With centrist French presidential candidate Emmanuel Macron topping the polls in Sunday's first round of voting, many are heralding the political upstart's ability to overturn mainstream politics. But one Goldman Sachs economist sought to calm the fever surrounding Macron, also placing him within a broader European political movement.
Macron's leading 23.9 percent of the vote represents "quite a fundamental realignment of politics in France, and maybe more broadly in Europe," Huw Pill, chief European economist at Goldman Sachs, told CNBC's Squawk Box Monday. But, he detailed that "perhaps we should interpret this as a very important step, but still only a step."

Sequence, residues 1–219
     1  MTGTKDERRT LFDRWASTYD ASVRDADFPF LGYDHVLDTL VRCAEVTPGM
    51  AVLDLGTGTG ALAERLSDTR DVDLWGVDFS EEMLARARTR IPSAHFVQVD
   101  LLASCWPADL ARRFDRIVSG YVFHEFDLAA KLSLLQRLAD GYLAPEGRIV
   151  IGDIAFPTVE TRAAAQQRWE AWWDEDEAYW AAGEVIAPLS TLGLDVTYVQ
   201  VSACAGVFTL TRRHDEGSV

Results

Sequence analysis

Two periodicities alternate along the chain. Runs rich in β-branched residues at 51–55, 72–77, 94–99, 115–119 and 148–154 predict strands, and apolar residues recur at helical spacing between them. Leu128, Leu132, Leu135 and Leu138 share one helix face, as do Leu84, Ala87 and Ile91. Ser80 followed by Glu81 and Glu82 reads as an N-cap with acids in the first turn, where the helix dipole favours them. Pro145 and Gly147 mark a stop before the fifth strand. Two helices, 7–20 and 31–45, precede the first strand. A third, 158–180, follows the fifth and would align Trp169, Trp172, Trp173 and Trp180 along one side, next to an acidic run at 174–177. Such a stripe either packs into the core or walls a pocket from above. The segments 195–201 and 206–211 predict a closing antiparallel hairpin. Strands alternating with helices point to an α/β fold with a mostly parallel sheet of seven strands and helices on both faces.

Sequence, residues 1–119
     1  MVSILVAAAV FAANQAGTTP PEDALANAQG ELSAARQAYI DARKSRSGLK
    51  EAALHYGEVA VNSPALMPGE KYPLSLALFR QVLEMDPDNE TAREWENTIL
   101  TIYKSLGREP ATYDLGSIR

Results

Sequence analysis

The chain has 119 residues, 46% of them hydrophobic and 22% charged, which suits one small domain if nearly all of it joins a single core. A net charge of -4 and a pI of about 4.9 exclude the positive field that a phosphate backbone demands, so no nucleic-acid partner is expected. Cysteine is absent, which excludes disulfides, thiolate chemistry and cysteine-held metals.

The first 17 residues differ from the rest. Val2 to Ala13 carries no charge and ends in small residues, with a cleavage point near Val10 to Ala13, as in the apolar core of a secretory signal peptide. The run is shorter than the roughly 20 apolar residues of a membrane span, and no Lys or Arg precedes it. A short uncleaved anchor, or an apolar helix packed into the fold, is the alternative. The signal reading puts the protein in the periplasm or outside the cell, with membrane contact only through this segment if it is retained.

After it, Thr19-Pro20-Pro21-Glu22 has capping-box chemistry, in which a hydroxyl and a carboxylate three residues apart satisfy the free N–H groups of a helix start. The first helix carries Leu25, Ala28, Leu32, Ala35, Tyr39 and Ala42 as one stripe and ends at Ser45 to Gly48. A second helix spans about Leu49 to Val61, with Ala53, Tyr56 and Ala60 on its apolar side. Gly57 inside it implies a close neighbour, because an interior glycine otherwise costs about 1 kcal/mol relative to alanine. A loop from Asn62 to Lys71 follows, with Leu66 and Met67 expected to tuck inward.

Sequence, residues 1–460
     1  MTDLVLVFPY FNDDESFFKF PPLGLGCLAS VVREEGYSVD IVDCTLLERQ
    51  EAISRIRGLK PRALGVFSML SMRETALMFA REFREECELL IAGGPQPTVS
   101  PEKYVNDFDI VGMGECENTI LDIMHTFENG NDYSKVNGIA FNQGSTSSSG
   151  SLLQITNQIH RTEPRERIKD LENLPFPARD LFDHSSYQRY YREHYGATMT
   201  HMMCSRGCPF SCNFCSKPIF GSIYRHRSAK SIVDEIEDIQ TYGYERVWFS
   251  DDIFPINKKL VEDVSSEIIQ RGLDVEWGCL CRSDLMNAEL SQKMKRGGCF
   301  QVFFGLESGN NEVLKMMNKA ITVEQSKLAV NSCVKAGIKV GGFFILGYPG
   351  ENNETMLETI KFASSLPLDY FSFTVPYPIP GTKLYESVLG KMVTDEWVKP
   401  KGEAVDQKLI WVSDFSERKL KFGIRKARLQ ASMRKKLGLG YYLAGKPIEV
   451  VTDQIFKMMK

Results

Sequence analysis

For Pill, France's runoff vote on May 7 reflects a broader trend in which: "The traditional left/right spectrum of political opinion maybe is dissolving, or at least is being paralleled with another spectrum going from the sort of Eurosceptic, more nationalistic side, towards a more internationalist, pro-European globalist side." This was also reflected in March's Dutch election, which saw incumbent pro-Europe Prime Minister Mark Rutte retain his position.
Pill also chimed in with others arguing that Macron must win big in June's legislative elections in order to most smoothly implement his reformist agenda. The En Marche! candidate "needs to build a new coalition," he explained.